Ethnobotanically, these forests were invaluable to early Hawaiians (Medeiros et al. 1999). Of the 50 tree species found here, 41 had specific uses. Nineteen species were used in medicines, 13 in making specific tools, 13 in canoe construction, eight in making bark cloth, eight to make dyes ranging from pink to blue to a rich yellow-orange. At least seven species have spiritual significance and were used in religious and cultural ceremonies. Other miscellaneous uses ranged from fire to bird lime, to a fish narcotizing agent. There s tremendous interest within both the Hawaiian community in restoring tracts of dryland forest. However, to date there are no major success stories for dryland forest restoration in Hawai'i.
Assisted by past funding from FWS, USGS his located one of the richest tracts of Auwahi for restoration, fenced a prime 10.4 acre site for experimental restoration (elevation 4,000 ft.), and has initiated a greenhouse propagation and outplanting program with assistance of funds provided directly to the landowner by FWS. We presented a conceptual plan for 120 acres of Auwahi restoration at the Hawaii Conservation Conference in July 1997 with landowner approval. The plan involves replacing the kikuyugrass cover among the museum- piece trees with a "nurse forest of quick-growing native trees to create relatively moist, semi-shaded microhabitat in which dryland forest seedlings can become established and flourish (Figure 2). A relatively brief window of opportunity exists during which this declining dryland forest is relatively restorable. Though forest decline is at a relatively advanced stage, excellent seed sources for most species still exist.
Currently, we are in the midst of implementing an experimental USGS-funded research project to develop methodology for establishing a nurse forest of native shrubs/trees to secure the site from weed invasion and eventually (within several years) provide habitat for restoration of 50 tree species. Based on the results of this project, the most effective methodology would be used as soon as funding for management could be obtained (from FWS and other sources) to restore dryland forest on additional Auwahi land, to which the landowner has willingly agreed. Based on methods developed through our ongoing pilot project, we can soon feel confident in our ability to cooperatively restore and manage dryland forest at Auwahi.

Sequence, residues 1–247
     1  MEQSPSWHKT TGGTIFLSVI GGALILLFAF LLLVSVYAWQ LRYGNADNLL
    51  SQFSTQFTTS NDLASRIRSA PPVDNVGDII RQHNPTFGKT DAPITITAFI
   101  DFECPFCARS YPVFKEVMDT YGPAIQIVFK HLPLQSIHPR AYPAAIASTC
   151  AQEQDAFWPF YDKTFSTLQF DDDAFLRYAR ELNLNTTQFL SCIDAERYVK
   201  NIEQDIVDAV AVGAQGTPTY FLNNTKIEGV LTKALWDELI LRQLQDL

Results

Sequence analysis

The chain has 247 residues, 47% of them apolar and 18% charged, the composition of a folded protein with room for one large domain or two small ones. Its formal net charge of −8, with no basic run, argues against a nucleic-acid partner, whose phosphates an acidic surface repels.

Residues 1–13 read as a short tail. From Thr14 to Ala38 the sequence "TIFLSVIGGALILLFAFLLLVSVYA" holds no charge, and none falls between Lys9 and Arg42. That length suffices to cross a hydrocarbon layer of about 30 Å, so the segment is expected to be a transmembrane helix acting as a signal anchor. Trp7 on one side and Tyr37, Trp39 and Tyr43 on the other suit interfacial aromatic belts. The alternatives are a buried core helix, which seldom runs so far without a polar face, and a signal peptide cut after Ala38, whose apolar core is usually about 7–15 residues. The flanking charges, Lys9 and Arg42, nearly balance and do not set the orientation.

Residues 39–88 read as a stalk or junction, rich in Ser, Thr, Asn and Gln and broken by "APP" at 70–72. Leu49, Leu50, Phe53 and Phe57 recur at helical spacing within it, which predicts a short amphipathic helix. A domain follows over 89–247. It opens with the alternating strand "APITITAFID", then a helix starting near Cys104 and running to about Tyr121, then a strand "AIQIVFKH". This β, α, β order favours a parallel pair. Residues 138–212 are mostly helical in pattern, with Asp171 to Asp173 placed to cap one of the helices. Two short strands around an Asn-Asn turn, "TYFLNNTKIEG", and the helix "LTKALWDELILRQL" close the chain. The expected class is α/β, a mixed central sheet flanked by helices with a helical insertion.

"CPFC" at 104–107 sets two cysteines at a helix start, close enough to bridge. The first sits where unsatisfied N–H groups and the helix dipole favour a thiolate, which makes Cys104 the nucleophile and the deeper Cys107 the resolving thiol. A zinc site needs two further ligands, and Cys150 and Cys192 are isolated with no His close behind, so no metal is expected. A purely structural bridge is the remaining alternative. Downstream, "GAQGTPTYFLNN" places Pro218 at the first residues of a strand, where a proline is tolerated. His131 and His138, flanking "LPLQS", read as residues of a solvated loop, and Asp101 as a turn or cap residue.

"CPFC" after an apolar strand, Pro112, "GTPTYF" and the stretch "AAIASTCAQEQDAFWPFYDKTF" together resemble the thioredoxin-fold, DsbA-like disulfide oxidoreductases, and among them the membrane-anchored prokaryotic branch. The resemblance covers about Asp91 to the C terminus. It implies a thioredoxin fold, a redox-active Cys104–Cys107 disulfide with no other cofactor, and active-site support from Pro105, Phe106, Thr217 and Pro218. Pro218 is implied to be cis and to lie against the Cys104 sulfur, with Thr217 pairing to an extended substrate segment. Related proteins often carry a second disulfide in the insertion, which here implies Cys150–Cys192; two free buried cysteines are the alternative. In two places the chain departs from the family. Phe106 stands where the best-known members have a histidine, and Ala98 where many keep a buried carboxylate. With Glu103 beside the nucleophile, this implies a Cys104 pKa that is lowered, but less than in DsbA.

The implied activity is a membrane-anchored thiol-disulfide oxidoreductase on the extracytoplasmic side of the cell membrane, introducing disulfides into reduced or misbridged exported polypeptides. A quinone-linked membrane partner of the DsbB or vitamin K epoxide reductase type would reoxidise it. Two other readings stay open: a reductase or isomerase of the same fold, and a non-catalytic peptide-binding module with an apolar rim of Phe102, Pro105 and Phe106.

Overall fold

Lennox (1967) wrote, "In the last half of the century cattle raising as a ranching enterprise gained headway and undergrowth, particularly pukeawe and `a`ali`i, was destroyed by fire to make way for imported forage grasses. Natural reproduction came to an end for many species."
Hosmer (1912) writes of vegetation in adjacent Kula districts, "belt of heavy forest with dense undergrowth in the Kula districts between the elevations of 3500 and 5000 feet...Gradually opened up by grazing until now it has practically disappeared save as its former extents can still be traced by dead stubs..."
Joseph Rock first visits Auwahi, makes extensive collections, and remarks about its botanical value in his 1919 book, Indigenous Trees of the Hawaiian Islands.
Charles N. Forbes explores Auwahi, makes extensive collections, and provides some of the best early documentation of the area in his unpublished field notes.